The White House's David Kendall dutifully cross-bred his legal rebuttals with the usual pointed observations about the managers' refusal to call witnesses in the House -- plus the usual "forever and a day" threat about how witnesses will drag this trial out. But if weariness has the hearts and minds of that tiny Republican swing bloc, Carney thinks Trent Lott may now have their loyalty -- and their votes -- when the Senate doors close for deliberation again on Tuesday evening. The Big Votes on dismissal and witnesses are now set for Wednesday at 1 p.m. (ET). "It's still very close," he says, "but right now it looks as if we'll have depositions." Just not one from the President.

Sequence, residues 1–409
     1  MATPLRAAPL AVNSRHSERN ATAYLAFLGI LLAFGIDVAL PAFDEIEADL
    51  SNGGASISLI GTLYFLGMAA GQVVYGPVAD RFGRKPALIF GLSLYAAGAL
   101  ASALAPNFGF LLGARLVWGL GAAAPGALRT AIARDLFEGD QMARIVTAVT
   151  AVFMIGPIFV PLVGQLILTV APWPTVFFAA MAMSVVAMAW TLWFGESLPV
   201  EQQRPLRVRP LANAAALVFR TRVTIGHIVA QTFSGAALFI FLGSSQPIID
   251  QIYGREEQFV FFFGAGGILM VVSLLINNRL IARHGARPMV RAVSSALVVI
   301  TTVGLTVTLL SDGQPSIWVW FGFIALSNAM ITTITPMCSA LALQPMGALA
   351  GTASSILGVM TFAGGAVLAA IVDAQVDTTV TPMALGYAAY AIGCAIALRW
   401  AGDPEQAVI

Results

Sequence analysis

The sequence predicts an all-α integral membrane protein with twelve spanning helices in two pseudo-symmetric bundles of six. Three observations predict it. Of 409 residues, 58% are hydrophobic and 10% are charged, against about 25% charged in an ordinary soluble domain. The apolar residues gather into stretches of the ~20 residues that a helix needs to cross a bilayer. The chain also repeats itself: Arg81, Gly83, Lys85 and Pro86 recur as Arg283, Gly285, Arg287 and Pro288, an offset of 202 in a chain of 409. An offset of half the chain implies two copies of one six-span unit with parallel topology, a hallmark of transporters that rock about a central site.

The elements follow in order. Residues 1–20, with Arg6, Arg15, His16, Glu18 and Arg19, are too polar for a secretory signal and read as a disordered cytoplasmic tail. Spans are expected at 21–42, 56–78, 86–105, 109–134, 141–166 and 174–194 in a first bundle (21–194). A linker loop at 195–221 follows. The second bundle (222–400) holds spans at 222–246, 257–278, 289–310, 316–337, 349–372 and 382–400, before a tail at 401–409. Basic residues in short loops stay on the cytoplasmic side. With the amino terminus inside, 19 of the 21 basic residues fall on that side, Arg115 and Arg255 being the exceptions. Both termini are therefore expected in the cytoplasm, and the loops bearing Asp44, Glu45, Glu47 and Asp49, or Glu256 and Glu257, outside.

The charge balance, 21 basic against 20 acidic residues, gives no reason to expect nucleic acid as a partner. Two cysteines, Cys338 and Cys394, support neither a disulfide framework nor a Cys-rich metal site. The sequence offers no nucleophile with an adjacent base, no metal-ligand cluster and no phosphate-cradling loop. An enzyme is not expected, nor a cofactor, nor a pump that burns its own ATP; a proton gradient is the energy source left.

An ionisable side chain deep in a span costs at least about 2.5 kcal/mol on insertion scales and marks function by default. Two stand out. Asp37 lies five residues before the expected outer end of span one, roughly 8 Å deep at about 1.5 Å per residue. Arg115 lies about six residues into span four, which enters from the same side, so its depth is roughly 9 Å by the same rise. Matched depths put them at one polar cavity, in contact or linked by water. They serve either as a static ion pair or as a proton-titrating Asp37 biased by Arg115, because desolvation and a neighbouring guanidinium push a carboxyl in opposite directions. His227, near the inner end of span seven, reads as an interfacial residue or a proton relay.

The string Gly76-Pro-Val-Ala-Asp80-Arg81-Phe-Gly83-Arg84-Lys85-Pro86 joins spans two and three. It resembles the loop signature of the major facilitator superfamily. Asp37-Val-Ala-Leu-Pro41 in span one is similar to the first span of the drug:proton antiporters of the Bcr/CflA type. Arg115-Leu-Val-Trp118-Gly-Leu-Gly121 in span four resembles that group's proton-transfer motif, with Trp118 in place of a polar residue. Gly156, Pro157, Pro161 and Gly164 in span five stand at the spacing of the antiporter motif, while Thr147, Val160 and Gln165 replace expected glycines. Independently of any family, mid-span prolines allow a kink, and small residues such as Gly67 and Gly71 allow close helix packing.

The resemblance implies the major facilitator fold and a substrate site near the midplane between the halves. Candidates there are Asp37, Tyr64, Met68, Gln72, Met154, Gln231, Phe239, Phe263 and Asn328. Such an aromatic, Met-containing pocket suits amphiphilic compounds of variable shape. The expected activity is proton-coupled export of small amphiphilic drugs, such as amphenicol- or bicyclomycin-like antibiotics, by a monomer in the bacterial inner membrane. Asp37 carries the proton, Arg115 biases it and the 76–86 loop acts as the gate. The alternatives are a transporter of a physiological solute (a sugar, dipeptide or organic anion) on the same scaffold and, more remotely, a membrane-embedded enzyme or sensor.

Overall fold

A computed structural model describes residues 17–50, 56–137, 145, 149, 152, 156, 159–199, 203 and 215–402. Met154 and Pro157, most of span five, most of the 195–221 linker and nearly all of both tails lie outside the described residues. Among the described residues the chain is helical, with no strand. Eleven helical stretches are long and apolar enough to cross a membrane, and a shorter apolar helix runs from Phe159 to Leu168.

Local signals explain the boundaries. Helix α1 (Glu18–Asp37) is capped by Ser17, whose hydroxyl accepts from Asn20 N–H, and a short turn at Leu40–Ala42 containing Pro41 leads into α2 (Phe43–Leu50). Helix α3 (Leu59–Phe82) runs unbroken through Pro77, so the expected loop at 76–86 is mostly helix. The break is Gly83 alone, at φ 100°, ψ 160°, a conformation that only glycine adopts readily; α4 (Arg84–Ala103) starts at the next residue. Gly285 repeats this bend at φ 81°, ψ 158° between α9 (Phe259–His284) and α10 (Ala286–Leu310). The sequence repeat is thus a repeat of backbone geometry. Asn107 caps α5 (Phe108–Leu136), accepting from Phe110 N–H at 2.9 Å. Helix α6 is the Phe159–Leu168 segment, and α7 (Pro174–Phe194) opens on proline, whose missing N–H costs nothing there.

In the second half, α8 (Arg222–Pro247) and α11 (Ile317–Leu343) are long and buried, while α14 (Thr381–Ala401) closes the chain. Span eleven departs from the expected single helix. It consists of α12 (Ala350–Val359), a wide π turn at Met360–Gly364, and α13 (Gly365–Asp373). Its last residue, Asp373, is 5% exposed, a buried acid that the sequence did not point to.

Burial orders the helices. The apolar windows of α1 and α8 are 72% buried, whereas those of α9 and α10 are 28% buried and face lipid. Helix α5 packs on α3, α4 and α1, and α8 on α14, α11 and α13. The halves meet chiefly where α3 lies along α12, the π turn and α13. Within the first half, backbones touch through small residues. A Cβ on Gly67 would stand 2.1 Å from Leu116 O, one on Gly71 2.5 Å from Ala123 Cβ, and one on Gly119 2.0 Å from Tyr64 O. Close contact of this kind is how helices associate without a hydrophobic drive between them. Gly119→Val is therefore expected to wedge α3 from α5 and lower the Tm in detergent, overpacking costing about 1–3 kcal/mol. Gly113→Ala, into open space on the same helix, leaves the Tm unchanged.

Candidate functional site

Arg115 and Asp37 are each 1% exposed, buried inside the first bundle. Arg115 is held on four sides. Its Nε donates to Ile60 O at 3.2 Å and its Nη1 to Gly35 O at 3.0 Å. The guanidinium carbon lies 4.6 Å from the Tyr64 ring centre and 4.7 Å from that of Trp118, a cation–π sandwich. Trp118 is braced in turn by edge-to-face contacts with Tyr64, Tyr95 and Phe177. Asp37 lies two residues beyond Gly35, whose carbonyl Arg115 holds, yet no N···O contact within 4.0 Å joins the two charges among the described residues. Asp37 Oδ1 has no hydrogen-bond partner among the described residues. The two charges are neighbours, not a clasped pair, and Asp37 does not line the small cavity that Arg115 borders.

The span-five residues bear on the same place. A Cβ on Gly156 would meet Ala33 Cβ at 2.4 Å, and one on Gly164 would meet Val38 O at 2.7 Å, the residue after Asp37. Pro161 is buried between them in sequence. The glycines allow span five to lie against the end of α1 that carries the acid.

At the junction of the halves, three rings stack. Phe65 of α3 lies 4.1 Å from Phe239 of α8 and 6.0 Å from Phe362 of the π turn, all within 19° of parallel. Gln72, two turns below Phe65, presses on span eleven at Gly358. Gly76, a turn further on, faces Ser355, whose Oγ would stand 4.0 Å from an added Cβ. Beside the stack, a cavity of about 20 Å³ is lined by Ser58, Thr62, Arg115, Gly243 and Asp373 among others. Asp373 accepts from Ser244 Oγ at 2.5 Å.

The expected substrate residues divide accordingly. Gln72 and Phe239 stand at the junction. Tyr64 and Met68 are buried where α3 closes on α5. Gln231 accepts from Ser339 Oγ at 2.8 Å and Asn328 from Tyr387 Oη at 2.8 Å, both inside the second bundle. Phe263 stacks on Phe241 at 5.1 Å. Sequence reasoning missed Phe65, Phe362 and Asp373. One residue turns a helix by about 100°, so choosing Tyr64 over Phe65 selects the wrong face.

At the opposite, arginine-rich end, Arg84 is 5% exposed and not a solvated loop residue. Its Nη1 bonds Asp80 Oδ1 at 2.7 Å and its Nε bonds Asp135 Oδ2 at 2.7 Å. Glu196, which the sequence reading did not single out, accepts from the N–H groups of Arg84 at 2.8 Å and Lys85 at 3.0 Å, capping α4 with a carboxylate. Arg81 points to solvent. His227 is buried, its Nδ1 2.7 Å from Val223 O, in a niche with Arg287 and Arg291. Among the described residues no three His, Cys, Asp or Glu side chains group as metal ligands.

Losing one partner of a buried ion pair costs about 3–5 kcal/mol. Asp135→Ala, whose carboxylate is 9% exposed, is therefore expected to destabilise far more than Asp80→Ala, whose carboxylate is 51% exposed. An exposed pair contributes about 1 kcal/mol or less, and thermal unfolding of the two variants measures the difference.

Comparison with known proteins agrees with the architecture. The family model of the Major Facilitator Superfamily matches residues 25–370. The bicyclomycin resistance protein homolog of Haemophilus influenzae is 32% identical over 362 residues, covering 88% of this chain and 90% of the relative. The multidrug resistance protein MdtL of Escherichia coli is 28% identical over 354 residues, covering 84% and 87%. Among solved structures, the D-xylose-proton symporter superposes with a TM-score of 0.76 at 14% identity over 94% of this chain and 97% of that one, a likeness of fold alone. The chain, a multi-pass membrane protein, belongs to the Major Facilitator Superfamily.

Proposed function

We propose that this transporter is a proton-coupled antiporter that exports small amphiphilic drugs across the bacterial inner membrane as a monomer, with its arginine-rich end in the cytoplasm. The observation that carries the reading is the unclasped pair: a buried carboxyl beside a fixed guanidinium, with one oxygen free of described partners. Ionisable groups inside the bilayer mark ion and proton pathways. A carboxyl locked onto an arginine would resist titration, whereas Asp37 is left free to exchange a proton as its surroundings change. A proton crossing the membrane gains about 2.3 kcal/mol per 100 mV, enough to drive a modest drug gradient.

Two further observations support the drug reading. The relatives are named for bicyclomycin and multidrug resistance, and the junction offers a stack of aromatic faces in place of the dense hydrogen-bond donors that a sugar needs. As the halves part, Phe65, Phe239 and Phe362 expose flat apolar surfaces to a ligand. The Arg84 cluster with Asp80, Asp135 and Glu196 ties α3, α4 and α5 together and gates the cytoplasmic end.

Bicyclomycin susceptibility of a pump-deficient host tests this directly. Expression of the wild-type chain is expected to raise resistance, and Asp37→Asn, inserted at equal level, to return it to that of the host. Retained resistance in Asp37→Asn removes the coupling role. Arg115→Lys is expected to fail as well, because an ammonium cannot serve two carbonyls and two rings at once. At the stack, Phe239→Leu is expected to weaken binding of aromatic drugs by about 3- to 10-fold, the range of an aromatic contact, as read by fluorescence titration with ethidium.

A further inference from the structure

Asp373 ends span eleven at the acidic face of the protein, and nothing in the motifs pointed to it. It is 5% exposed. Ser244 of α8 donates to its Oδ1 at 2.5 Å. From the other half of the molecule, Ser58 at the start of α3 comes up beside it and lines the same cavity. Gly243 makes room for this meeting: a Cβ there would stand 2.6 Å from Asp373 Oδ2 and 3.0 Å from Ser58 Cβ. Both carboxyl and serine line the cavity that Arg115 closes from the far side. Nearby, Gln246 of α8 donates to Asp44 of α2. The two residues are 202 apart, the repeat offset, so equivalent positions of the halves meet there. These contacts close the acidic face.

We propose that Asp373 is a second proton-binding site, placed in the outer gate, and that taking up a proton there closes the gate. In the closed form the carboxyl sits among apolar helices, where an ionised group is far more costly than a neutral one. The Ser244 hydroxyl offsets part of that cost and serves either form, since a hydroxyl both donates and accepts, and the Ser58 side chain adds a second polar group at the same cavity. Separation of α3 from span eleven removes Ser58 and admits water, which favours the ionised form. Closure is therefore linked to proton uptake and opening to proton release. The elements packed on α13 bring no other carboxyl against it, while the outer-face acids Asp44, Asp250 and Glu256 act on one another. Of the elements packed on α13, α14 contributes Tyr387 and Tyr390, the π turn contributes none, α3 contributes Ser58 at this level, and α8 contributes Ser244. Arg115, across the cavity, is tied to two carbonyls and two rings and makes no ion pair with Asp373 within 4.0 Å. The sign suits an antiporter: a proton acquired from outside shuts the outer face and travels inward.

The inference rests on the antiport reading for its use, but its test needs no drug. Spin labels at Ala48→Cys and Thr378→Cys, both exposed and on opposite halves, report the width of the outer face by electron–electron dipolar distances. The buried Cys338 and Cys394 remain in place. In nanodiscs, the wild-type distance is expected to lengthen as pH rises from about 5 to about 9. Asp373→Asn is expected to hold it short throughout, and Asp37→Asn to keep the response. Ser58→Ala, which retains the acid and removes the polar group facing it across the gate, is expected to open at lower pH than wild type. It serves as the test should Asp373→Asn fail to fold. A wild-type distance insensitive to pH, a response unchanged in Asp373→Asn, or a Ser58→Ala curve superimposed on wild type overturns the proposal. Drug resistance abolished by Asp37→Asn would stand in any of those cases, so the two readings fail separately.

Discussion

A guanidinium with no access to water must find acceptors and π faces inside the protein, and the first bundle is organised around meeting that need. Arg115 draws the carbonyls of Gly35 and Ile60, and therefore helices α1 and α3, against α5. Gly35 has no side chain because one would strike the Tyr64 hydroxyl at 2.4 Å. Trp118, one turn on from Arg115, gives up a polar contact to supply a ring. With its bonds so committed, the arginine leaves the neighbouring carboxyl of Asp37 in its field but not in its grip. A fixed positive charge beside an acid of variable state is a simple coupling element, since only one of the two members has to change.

WASHINGTON: In case you were wondering, Bill Clinton isn't going to show up at his own trial, even if the senators ask him. But TIME congressional correspondent Jay Carney thinks the House managers got what they really wanted -- witnesses -- by paring down to three the list of names they brought the Senate Tuesday. "It makes it easier for Trent Lott to sell witnesses to his wavering moderates, to convince them to do right by the party and go along," says Carney. "That's why the managers settled for written depositions instead of live testimony." Then they made their case to the jurors, selling Lewinsky, Vernon Jordan and Sidney Blumenthal as obstruction-of-justice types with lots to clarify. They also didn't fail to remind senators that they had come way down from the original list of 12.